[00:18:19.150] – Dana Bourgerie
So I just said, can we do this? Will you support it? And he found out and he said, yes. And we amazingly got pretty quick approval, which doesn’t happen at a large institution.

[00:18:29.100] – Christian Pearson
Oh, yeah. It’s a lot of bureaucracy.

[00:18:31.560] – Dana Bourgerie
And it had to have some very, lots of different kinds of approvals. And we got it in weeks, not months, weeks. And then we just started out and it was really rough go for a while, but it sort of came around.

[00:18:44.710] – Christian Pearson
Well, that’s encouraging. I have to say, as a young project being the Cambodia project, we look at you guys and see an example to follow.

[00:18:54.140] – Dana Bourgerie
Yeah. The first time we decided to go with a peer leader model, so we sent a person over there and we got 20 interviews in six months. And then it just exponentially increased over the years when we’re getting thousands.

[00:19:09.370] – Christian Pearson
That’s incredible. What role, I guess, does the project, the cambodian oral history project play in connecting Cambodians to each other? Kamai. Right. You talked a lot when we mentioned that quote about the importance of having a personal history. What role does you play in helping them have a personal history?

[00:19:30.580] – Dana Bourgerie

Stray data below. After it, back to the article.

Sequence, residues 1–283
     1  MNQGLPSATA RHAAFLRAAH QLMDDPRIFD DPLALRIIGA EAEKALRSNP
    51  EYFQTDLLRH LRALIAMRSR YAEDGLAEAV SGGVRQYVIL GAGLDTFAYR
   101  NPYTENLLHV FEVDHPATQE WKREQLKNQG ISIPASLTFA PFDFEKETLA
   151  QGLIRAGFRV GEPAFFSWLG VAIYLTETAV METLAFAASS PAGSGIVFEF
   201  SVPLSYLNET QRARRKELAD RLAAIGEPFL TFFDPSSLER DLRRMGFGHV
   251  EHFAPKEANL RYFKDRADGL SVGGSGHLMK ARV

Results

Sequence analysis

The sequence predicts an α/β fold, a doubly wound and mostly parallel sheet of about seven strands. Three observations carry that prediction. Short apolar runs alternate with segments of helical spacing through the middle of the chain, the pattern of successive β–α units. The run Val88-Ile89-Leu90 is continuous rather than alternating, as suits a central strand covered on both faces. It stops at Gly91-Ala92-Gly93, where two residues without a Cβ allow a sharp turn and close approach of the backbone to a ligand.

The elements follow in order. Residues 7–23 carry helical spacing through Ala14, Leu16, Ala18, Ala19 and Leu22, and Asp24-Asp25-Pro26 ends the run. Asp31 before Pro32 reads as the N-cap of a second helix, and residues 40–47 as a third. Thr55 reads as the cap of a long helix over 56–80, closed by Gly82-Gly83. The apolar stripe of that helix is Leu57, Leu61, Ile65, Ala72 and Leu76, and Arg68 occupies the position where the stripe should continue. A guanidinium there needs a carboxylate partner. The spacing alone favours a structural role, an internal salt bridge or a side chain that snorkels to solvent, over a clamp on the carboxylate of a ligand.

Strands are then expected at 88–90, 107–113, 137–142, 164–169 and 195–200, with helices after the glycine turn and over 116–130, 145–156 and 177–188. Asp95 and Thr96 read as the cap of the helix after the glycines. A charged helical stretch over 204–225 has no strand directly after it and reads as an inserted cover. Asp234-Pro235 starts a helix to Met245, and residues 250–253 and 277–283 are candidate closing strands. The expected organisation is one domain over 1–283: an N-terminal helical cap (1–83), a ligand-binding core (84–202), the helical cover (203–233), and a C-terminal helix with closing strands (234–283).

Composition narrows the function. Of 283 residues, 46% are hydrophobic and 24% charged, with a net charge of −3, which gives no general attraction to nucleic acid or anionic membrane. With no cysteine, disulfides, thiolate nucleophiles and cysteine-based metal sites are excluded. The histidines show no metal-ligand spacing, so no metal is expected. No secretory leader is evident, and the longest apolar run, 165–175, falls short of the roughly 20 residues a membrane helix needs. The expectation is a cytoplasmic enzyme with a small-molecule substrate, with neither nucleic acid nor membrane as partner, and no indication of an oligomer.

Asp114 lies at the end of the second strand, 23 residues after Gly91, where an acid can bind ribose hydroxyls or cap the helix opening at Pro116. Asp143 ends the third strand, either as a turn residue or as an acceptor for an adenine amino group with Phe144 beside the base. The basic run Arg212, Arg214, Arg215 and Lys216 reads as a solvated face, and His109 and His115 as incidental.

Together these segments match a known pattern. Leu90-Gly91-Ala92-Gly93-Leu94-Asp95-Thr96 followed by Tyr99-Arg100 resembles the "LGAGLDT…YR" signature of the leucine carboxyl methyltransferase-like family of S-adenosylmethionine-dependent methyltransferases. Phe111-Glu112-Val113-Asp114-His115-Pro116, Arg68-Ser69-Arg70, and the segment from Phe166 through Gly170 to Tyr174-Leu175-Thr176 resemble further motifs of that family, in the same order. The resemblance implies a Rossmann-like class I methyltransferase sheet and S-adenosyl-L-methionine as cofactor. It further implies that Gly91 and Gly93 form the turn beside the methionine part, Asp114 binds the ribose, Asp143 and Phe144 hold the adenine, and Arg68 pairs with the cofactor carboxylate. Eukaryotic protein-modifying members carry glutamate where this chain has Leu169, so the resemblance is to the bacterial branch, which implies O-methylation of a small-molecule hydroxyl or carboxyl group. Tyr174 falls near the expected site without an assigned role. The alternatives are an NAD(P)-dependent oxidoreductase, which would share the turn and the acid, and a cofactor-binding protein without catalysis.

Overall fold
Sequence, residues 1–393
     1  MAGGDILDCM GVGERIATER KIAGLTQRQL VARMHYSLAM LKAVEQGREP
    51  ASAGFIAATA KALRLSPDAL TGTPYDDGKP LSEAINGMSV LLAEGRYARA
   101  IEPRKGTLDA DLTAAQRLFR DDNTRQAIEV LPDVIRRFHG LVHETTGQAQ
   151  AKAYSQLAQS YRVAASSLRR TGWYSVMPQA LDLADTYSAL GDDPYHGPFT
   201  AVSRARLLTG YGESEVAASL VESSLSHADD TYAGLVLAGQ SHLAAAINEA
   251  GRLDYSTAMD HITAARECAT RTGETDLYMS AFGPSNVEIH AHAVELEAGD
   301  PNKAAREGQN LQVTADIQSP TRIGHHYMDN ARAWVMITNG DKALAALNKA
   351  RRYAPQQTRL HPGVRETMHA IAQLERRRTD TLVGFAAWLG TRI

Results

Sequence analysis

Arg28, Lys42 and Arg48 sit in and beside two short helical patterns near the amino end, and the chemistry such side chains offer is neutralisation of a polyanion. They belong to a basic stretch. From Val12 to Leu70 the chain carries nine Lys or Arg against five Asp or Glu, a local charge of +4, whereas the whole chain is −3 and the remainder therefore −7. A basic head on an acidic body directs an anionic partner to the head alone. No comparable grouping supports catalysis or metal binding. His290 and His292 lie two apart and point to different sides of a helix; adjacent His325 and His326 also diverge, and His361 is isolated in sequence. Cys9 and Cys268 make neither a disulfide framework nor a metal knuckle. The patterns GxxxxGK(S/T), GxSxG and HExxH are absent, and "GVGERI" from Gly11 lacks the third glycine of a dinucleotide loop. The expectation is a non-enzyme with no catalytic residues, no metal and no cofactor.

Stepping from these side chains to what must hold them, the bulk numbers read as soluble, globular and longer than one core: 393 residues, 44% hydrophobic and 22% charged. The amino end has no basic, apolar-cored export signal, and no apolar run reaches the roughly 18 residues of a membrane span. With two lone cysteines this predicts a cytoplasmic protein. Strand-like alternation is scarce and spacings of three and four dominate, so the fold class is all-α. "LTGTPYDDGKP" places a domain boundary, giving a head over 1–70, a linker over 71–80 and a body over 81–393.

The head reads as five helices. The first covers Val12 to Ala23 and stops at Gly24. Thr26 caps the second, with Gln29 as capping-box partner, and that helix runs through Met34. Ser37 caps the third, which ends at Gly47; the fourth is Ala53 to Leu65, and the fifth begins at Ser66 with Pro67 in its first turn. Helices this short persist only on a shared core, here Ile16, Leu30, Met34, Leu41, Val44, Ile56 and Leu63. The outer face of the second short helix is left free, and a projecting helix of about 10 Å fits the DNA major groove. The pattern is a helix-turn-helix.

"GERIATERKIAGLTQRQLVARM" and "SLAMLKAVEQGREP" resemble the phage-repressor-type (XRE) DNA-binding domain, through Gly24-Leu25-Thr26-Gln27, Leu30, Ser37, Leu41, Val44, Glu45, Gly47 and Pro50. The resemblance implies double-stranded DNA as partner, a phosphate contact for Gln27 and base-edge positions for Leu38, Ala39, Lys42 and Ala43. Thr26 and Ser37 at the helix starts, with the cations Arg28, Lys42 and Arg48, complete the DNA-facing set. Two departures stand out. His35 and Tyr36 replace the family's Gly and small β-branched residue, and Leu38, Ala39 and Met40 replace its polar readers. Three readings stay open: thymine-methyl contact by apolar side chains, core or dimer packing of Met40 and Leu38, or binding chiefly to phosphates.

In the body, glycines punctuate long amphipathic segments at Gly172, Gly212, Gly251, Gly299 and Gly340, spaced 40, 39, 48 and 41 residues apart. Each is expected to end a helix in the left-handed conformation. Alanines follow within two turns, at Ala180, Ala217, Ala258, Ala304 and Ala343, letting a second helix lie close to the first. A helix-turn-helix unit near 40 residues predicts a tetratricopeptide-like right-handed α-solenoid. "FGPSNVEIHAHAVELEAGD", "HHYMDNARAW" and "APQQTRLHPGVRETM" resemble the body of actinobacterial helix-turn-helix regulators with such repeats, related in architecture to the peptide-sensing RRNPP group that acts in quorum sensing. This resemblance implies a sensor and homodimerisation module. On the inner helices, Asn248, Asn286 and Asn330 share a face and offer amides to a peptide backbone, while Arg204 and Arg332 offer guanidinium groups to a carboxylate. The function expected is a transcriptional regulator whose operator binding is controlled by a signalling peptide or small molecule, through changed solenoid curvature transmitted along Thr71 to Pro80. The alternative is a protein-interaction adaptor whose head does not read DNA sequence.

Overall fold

Well, there’s so much out there because some people may know that there are a lot of records were destroyed, and that’s very important to especially chinese people. And so for the cambodian Chinese, they often don’t know anything about their history. And likewise with the Kamai, they were not chinese. And so there are some times, like my young assistant, who didn’t know anything. So that’s really detached. Right. And it’s disconnected. And so many times when they go to help interview their parents or their grandparents. It’s the first time they ever heard it ever. And they’re just stunned. They say, well, I had no idea. And there was a situation where a friend of mine who he’s probably in his late, he interviewed his mother, who was in her seventy s, and he had never done that before. He kind of knew about her, but he didn’t know too much. And then only six months after that, she passed away unexpectedly.